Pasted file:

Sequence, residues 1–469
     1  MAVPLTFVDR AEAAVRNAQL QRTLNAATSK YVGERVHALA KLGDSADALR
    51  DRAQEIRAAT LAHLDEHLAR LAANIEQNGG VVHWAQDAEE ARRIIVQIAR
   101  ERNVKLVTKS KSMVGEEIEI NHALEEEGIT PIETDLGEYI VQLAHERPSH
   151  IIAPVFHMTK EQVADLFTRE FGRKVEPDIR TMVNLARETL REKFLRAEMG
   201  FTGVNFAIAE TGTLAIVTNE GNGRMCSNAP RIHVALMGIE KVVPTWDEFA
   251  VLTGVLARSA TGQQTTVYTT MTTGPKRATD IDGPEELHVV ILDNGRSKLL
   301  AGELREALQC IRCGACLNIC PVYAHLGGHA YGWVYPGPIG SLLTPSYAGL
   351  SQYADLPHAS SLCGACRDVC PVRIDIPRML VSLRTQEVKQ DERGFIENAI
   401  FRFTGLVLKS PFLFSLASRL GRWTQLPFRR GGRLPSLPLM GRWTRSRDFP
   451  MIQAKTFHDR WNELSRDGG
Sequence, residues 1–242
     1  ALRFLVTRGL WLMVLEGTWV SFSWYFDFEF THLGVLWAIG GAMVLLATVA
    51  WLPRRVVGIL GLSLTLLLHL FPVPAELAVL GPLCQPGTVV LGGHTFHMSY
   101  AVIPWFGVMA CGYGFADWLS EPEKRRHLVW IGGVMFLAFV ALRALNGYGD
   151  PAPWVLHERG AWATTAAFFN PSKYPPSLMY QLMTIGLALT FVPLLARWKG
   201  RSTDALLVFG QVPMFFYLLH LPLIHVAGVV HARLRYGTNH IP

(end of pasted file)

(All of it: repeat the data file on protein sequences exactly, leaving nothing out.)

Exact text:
Sequence, residues 1–469
     1  MAVPLTFVDR AEAAVRNAQL QRTLNAATSK YVGERVHALA KLGDSADALR
    51  DRAQEIRAAT LAHLDEHLAR LAANIEQNGG VVHWAQDAEE ARRIIVQIAR
   101  ERNVKLVTKS KSMVGEEIEI NHALEEEGIT PIETDLGEYI VQLAHERPSH
   151  IIAPVFHMTK EQVADLFTRE FGRKVEPDIR TMVNLARETL REKFLRAEMG
   201  FTGVNFAIAE TGTLAIVTNE GNGRMCSNAP RIHVALMGIE KVVPTWDEFA
   251  VLTGVLARSA TGQQTTVYTT MTTGPKRATD IDGPEELHVV ILDNGRSKLL
   301  AGELREALQC IRCGACLNIC PVYAHLGGHA YGWVYPGPIG SLLTPSYAGL
   351  SQYADLPHAS SLCGACRDVC PVRIDIPRML VSLRTQEVKQ DERGFIENAI
   401  FRFTGLVLKS PFLFSLASRL GRWTQLPFRR GGRLPSLPLM GRWTRSRDFP
   451  MIQAKTFHDR WNELSRDGG
Sequence, residues 1–242
     1  ALRFLVTRGL WLMVLEGTWV SFSWYFDFEF THLGVLWAIG GAMVLLATVA
    51  WLPRRVVGIL GLSLTLLLHL FPVPAELAVL GPLCQPGTVV LGGHTFHMSY
   101  AVIPWFGVMA CGYGFADWLS EPEKRRHLVW IGGVMFLAFV ALRALNGYGD
   151  PAPWVLHERG AWATTAAFFN PSKYPPSLMY QLMTIGLALT FVPLLARWKG
   201  RSTDALLVFG QVPMFFYLLH LPLIHVAGVV HARLRYGTNH IP